The Ferret powerpack is a 129 brake horsepower fully waterproofed Rolls Royce B60 Mk 6A 4.2 litre straight-six with a dry sump.
The B60 is a member of a group of rationalised engines developed by Rolls Royce, and affectionately called ‘the B range’ by those involved in its development and manufacture. Since 1904, Royce had sought to ensure common components such as pistons, cylinders and valves were used, as far as possible, across a series of engine designs. A group of engineers at Rolls-Royce’s Clan Foundry in Belper led by W A Robotham completed development of the Meteor engine in 1943 and began work on a rationalised range of petrol engines to power a range of military vehicles, using a maximum of common parts. Manufacture of the B-series engine started at Rolls-Royce Crewe in 1947. The design aims were threefold: to provide the maximum power consistent with the minimum outside dimensions and weight; to use standardised components and so facilitate servicing and the stocking of spare parts; and to obtain the highest efficiency with low grade fuels.
The B range design is extremely reliable, just as the Army wanted. Full power is possible from virtually a cold start. The powerpack is extremely reliable: most still run well with regular maintenance after 50 years or more, and they can withstand rough usage and indifferent fuel quality without damage. These engines were required to run reliably and efficiently from -40°C to +50°C: in Arctic to Equitorial conditions as suited to all the theatres of Empire that the Army was required to serve.
The four-cylinder B40 was the smallest engine, with a swept volume capacity of 2,838 cc and a gross output of 80 bhp at 3750 rpm. Just over 19,000 were made in all, most powering the Austin Champ, the British answer to the Jeep that was superceded by the Landrover. Production of the B40 ceased in the early 1960s, whereas the other two engines continued for a further twenty years until the early 1980s.
The six-cylinder B60 was the mid-range engine, having a swept-volume capacity of 4,256 ccs., and a gross output of 130 bhp at 3750 rpm. The ‘0’ in the notation (e.g. B60) indicated that the bore was the standard 3.50 inches. About 14,500 of these engines were made: 9,395 Mk 6A versions for the Ferret. The ‘A’ notation signifies that the B60 engine has been adapted to fit the fluid flywheel. Besides powering the Ferret, they were also used in the Humber 1 ton truck. There were no military B61 engines (the ‘1’ notation (e.g. B61) indicating the larger bore of 3.75 inches) but these were fitted to Dennis civilian fire engines. These Rolls Royce-built engines their serial number (e.g. 865 3863) stamped into an identification plate on the top of the crankcase cover. Apart from the very early powerpacks, which were BSF, the majority of these B60 engines utilised UNF threads; a notice is cast into the rocker gear cover and prominently visible on top of the engine. These UNF engines incorporated a number of redesigned features (forged con rods; cast-iron cylinder head) to meet the demands of hard military use.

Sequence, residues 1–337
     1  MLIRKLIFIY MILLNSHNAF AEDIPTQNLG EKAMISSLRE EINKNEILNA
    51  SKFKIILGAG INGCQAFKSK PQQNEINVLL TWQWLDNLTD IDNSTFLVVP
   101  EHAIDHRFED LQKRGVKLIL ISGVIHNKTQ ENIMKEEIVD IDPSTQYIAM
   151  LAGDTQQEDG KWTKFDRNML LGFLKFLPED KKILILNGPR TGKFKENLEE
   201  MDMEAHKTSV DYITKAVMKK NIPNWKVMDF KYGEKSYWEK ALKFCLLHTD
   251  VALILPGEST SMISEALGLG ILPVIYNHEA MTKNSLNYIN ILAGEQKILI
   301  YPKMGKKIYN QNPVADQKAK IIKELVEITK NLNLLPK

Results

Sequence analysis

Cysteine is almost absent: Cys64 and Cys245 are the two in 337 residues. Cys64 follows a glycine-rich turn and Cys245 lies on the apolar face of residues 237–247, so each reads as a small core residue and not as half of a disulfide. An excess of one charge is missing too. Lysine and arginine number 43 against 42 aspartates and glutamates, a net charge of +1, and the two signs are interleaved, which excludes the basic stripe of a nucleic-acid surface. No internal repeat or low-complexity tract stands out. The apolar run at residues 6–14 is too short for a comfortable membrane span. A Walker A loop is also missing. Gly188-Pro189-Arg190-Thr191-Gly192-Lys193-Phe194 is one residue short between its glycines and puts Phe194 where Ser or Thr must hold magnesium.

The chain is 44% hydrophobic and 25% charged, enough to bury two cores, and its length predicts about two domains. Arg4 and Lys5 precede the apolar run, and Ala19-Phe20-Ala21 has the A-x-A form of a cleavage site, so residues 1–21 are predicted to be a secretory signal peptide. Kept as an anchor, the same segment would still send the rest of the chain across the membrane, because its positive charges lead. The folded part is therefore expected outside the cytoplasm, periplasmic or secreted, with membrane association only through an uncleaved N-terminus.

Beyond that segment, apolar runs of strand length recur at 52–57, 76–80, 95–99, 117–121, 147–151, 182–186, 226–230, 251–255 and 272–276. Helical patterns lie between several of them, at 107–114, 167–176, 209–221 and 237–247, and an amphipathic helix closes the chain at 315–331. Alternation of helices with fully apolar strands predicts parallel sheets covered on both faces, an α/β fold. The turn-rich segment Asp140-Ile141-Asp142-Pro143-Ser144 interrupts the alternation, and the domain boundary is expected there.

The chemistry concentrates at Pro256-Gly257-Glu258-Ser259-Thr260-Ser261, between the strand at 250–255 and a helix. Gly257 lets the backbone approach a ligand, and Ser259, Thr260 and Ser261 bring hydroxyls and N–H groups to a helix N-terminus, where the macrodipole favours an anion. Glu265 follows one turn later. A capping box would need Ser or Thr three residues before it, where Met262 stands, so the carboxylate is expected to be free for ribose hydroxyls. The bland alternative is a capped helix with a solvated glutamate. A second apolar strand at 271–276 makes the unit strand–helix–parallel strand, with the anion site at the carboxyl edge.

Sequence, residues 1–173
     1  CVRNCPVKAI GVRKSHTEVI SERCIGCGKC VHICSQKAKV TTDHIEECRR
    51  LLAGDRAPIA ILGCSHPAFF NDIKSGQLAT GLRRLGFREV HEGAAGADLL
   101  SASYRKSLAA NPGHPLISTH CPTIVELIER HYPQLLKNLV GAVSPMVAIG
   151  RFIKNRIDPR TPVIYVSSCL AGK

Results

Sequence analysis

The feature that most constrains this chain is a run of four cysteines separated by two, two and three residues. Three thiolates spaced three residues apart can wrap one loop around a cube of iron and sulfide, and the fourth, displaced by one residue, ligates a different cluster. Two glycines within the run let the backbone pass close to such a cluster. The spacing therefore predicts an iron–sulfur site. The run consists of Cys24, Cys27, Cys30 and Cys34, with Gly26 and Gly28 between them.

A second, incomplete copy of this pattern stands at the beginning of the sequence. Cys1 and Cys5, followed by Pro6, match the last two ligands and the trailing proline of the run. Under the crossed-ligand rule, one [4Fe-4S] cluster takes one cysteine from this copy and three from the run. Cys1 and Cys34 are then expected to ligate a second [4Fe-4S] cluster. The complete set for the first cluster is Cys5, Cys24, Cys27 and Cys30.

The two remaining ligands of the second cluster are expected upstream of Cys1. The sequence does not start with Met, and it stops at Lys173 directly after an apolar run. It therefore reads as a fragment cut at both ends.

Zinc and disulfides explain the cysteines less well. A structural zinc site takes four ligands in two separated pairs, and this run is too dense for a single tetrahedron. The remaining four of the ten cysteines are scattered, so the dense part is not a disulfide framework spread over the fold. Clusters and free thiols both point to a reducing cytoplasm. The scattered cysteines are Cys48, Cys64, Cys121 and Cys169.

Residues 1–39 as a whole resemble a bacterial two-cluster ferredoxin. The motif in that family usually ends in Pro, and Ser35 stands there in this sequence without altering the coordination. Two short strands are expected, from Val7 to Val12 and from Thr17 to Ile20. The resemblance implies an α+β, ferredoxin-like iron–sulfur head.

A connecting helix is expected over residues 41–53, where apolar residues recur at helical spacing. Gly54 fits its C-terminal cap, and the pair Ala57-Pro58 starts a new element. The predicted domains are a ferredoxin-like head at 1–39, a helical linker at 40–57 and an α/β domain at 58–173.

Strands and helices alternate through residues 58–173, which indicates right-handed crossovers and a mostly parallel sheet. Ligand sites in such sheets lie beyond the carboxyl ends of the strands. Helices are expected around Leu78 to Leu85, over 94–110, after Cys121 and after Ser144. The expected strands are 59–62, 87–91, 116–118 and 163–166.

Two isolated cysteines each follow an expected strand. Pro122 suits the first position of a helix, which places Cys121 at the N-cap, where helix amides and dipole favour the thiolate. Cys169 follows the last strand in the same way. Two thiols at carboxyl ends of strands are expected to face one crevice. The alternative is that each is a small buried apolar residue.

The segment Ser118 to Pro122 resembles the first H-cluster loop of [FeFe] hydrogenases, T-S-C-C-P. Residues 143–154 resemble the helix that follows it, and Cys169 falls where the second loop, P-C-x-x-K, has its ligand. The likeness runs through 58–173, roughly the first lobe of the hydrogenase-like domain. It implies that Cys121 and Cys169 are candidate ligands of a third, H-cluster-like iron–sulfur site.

The large eight-cylinder B80 was produced in two configurations, the B80 having the same bore (3.50 ins.) & stroke (4.50 ins.) as the B40 and B60 engines with a swept volume of 5675 ccs, whilst the B81 had a bore size of 3.75 ins. (swept volume – 6516 ccs). The B80 had a gross output of 165bhp at 3750 rpm and the B81developed 195 bhp at 3750 rpm. About 4,700 B80 engines were produced and around 4,000 B81 engines. The B80 & B81 were used in the Alvis Saladin, and Saracen AFVs, the Stalwart load carrier, the Alvis Salamander airfield crash tender and the Thornycroft Nubian fire tender.
The compression ratio on the B60 is comparatively low; the 24v circuit delivers more electical power than a standard 12v system, therefore the battery does not need to deliver a very high cranking power, making the Ferret easy to start on most occasions. I use 90 Ah batteries with CCAs of 700 and 950 amps. I lined the battery boxes with cut rubber car mats to keep them secure and electrically isolated to prevent shorting. An isolator switch prevents electrical items and the wiring leaking current thus totally draining the batteries. The Saracen had this switch fitted as standard, but not the earlier Ferret.
The fuel gauge is notoriously inaccurate on the Ferret. I always fill my tank once it has gone below 1/4 full, and I’ve never had the need to switch over from the main to the reserve tank. Once, when the Ferret had been garaged for a few months, it would not start. My brother removed the air breather pipe, loosened the carburettor banjo nut, fixed an electric pump to the pipe (a good foot pump will also do) and pushed petrol through the system. We also checked the idling speed and that the banjos and seals were good on the Volkes petrol filter inside the Ferret. You don’t want air to be drawn in (or petrol to leak!) at this point.
In April 1989 Rolls Royce issued a service bulletin guidance stating that Lead free (unleaded) 95 RON and low Lead 97 RON fuel can be used in B 60 engines, and will have no detrimental effects on the exhaust valves or valve seats. If you know which Rolls Royce engine technical drawing you require, it can be downloaded from the International Club for Rolls Royce and Bentley enthusiasts.
Reference: Pat Ware (1995) In National Service: Rolls-Royce ‘B Series’ Engine in British Military Vehicles Warehouse Publications, ISBN = 978-095255-630-5